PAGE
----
COLLEGE PARK – College students love a good debate, and one quickly brewed Friday when students at the University of Maryland College Park campus heard that the Census Bureau would be on campus this week urging them to fill out their forms.
“I just thought it was a whole bunch of questions and I was, like, forget it,” said Jomarie Lewis, 22, a Jamaican student at the College Park campus.
Lewis, with friends at the student union Friday, went on about the questions being invasive, too numerous, and finally threatened to “toss it in the trash.”
That’s exactly what the Census Bureau does not want as it gears up to enumerate college students on campuses nationwide. The bureau sent letters to all college and university presidents in mid-March, asking them to prepare for the count. The college student enumeration will last all week.
“We will go to all of the dorms that are owned by or rented by (colleges and universities),” said Juanita Britton, a spokeswoman from the regional Census office in Philadelphia.
Bureau officials will meet with a designated contact person, who will deliver forms to students, then collect the completed forms, seal them in an envelope and mail them to the Census. In some cases, enumerators will actually go to dorms and collect information from students, said Britton.
Campus administrators across the state said they are doing what they can to quell student misgivings.
“We will have some mandatory hall meetings,” said Carol Williamson, Salisbury State University vice president for student affairs. Resident dorm assistants will distribute and collect the forms from students.
“We used electronic mail to let (off-campus) students know the Census will be coming to their rental properties,” Williamson said.
The University of Maryland has tried to get coverage of the census in the campus newspaper, said a spokesman. Even community colleges have launched campaigns reminding students to complete and mail their forms.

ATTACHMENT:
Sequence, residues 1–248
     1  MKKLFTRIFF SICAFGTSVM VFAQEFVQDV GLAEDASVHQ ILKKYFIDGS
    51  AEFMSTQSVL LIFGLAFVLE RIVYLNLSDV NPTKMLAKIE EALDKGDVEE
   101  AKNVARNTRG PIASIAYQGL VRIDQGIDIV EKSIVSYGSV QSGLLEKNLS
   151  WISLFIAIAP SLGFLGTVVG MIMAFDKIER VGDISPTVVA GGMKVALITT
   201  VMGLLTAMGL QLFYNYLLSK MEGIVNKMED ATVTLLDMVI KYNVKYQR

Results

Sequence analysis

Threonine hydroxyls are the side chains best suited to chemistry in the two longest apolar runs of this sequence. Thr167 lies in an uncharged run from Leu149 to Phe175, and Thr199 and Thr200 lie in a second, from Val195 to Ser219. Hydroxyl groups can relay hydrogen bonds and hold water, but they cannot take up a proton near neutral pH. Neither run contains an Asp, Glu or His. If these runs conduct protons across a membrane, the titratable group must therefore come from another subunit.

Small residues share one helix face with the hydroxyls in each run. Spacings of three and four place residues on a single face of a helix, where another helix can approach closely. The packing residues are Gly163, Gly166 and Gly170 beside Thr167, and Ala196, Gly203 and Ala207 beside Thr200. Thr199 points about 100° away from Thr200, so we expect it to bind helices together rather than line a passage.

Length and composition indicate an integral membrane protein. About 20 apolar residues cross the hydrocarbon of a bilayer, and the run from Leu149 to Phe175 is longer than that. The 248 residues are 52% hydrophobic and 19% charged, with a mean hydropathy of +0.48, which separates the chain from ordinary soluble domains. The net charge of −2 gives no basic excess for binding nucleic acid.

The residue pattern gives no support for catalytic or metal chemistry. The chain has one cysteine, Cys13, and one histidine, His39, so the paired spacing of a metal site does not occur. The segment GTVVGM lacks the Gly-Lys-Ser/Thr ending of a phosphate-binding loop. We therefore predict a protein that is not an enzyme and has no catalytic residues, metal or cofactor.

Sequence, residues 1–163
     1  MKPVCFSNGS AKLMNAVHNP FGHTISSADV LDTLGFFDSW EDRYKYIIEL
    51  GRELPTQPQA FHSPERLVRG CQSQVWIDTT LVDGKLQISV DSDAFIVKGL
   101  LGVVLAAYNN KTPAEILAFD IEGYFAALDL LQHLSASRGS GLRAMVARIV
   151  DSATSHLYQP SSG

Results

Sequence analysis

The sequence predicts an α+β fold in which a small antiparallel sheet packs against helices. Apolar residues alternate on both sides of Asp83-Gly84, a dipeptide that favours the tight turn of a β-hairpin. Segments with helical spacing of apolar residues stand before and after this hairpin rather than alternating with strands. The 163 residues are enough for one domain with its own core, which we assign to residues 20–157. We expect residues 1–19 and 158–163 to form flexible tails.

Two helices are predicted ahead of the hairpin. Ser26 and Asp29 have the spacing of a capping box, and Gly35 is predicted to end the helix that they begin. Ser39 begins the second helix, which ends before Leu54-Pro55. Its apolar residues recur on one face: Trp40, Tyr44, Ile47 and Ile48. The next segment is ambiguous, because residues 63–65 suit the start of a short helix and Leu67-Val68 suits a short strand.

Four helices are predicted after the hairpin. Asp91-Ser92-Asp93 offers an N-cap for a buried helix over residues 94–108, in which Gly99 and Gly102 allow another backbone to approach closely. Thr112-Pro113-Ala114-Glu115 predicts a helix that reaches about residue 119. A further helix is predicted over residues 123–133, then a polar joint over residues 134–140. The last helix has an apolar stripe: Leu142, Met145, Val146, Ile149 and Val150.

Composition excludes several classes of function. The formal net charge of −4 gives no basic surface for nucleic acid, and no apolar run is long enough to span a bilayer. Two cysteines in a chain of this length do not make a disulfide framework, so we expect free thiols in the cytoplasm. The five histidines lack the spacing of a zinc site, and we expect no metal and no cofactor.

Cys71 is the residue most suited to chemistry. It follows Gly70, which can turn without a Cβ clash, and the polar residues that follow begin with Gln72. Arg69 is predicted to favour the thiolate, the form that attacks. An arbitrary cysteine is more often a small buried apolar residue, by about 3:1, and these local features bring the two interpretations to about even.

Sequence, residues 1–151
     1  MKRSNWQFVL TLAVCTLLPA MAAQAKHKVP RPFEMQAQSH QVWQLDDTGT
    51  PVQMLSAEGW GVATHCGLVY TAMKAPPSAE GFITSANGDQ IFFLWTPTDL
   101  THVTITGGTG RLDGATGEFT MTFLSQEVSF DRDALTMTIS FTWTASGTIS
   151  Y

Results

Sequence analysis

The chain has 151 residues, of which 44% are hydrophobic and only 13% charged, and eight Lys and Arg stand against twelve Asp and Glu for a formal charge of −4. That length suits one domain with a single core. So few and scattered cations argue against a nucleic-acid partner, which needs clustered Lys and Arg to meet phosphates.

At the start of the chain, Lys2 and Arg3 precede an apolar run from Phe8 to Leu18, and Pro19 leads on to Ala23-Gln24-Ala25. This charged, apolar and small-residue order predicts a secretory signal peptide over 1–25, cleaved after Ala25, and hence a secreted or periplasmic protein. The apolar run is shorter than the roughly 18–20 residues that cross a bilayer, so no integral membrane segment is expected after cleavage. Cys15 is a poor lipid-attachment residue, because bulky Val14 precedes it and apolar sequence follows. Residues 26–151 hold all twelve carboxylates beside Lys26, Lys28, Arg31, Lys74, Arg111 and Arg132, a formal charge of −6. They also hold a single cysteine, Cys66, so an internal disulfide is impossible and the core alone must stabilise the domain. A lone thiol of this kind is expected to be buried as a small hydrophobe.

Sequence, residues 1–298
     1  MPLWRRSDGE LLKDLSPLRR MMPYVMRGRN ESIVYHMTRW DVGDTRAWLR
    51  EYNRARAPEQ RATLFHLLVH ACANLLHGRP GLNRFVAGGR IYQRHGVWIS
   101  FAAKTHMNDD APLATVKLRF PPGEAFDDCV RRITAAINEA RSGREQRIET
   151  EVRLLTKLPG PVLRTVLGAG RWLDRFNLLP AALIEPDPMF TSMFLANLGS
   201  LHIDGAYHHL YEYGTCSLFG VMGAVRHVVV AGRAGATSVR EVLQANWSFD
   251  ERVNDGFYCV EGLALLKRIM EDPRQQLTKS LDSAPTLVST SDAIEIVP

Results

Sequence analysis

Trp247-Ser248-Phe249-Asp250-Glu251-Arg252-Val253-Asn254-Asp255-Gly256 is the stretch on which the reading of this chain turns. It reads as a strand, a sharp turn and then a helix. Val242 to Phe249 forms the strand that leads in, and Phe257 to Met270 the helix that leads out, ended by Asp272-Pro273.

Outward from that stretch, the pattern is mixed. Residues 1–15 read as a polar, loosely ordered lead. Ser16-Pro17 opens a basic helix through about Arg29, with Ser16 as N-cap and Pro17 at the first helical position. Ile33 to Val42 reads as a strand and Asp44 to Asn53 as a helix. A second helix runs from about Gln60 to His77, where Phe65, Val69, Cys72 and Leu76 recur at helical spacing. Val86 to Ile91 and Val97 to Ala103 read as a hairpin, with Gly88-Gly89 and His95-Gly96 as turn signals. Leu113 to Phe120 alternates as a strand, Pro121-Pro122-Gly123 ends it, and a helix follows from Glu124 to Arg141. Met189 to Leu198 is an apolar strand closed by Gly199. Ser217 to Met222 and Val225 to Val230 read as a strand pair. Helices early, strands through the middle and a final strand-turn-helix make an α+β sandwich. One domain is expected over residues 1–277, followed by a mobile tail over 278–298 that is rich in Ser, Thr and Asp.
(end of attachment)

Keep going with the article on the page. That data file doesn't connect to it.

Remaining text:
Despite the hoopla, some students are holding steadfast to their skepticism about the forms.
“What time do you shower? Do you live with your grandma?” said Ayo Oluokun, 20, a College Park sophomore mocking the questions on the census. “The government is always trying to get in our business.”
Eating a hamburger and catsup-dipped fries in the student union, Oluokun went on about government conspiracies, and how he thought the census might facilitate them. Then his friend chimed in.
“I don’t really have a problem with it,” said freshman Jermaine Davis, 18, shaking his head at Oluokun’s skepticism. “It only takes 10 minutes.”
Others said they did not think the census would help them.
“I’m Native American, and I feel like my culture is so small that it (the census) really wouldn’t affect it,” said Thomas Allen, 19, a sophomore.
Jermain Jones, an African-American freshman, said he doubts the census would help the economy.
“These are questions they (the Census) could answer if they just visited the neighborhoods where we live more often … then they would have a better idea of what we need,” he said.
But not all students were stirred to passion by the census debate. They wrinkled their brows and looked to the sky in an apparent search for answers when asked about the forms. With spring in the air and the semester set to end in a matter of weeks, it just wasn’t a priority.
“I haven’t really thought much about it,” said Lena Fanara, 18, from West Hyattsville. “But I guess it’s good the government is taking an interest in us,” she said.
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